Right before Valentine’s Day, I emailed Sister Jeannine Gramick to ask her what she was doing for the holiday.
“I will be celebrating in Florence, Italy, as I lead 50 gay and lesbian Catholics, their families, and their allies on a pilgrimage entitled Rebuild My Church: Pope Francis and St. Francis. From Florence we travel down to Assisi and then to Rome,” she emailed me back.
Of course, that is what this Catholic nun was doing for Valentine’s Day.
Sister Jeannine had much more exciting Valentine’s Day plans than my own, but that didn’t surprise me much.
Jeannine, a Sister of Loretto, is a big world traveler. This was just the most recent in nearly two decades of gay and lesbian pilgrimages that she has led around the world. Hers is a highly specialized group tour. It’s targeted to gay and lesbian Catholics and their families and is led by a Catholic sister.
A sister? Yup.
I became close with Sister Jeannine while I was doing reporting for a book called “If Nuns Ruled the World: 10 Sisters on a Mission.” The book tells the story of progressive Catholic sisters who are instigating change in the world. Jeannine blew me away from the day that I met her.
She’s a spitfire of a woman, and I can imagine that she is a ton of fun to travel with.
For more than four decades Jeannine has been fighting for gay rights, despite coming under intense scrutiny from the Vatican. She founded New Ways Ministry in the 1970s as a way to minister to gay and lesbian Catholics. Their goal has also been to educate Catholics on gay and lesbian issues in order to create a more inclusive church.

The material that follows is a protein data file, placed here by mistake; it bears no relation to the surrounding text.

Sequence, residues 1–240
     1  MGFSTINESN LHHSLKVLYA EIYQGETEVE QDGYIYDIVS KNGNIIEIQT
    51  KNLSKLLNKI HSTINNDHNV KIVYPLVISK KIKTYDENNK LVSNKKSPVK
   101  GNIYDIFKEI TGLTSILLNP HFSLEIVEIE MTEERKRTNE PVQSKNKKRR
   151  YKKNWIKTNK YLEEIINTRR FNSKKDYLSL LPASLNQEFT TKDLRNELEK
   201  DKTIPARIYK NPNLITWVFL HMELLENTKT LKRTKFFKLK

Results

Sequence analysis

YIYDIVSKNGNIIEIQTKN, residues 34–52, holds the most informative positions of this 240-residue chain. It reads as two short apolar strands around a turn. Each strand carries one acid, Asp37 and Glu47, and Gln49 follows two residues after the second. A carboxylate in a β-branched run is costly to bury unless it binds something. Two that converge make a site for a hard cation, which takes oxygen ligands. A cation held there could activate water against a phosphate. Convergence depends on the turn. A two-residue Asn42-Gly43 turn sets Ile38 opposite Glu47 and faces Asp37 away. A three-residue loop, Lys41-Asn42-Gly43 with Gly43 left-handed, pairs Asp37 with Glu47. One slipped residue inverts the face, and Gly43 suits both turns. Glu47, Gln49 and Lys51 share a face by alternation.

The pilgrims have traveled to spiritual sites all over the world, from the pyramids in Egypt to the Alhambra in Spain.
In 2014, Sister Jeannine took a group to the Holy Land, visiting Galilee to see the remains of the synagogue where Jesus is believed to have taught and Bethlehem to visit the Church of the Nativity. The pilgrims took a quick dip in the mineral waters of the Dead Sea and walked the stations of the cross along the Via Dolorosa.
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This year’s trip was a monumental one. The 15 other pilgrimages undertaken by Jeannine and New Ways typically drew a crowd of around 25-35 people. This year’s trip to the Vatican brought out 50.
While the Vatican didn’t exactly fling open its doors, it was surprisingly responsive and reserved tickets for the New Ways crew to attend Pope Francis’ weekly audience in St. Peter’s Square.
And even though Pope Francis did not publicly acknowledge the group (they were referred to as “a group of lay people accompanied by a Sister of Loretto”), Jeannine thinks it was certainly a step in the right direction in terms of inclusion for gays and lesbians in the institutional church.
“Of course, there is special significance to this particular pilgrimage we took to Italy,” Jeannine told me. “Our 50 pilgrims, that included 7 same-sex couples, were invited to special seats within 25 yards of Pope Francis at the papal audience on Ash Wednesday. Just as LGBT people, their families, and friends were welcomed to the Vatican, the SCOTUS decision on June 29 welcomes lesbian and gay couples into the civil family.”
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It’s progress and a far cry from where Jeannine was in 1999 when the Vatican attempted to silence her by calling her work “doctrinally unacceptable.”
There is a button stuck on one of the bulletin boards in Jeannine’s house that reads: “We shall not be silenced. I support Jeannine Gramick.”
“I don’t like people to say I was silenced,” she told me once. “The Vatican tried to silence me, and it just didn’t work.”
The pilgrimages, which typically cost around $3,000, are a part of that mission. That price is fairly all-inclusive, covering round-trip airfare, first-class hotel accommodations, mass and spiritual activities, entrance fees to sites visited, daily breakfast and dinner, and all transfers.
This article was originally published by Yahoo! Travel under the headline Take a Gay and Lesbian Pilgrimage with a Catholic Nun. It is reprinted here with permission.
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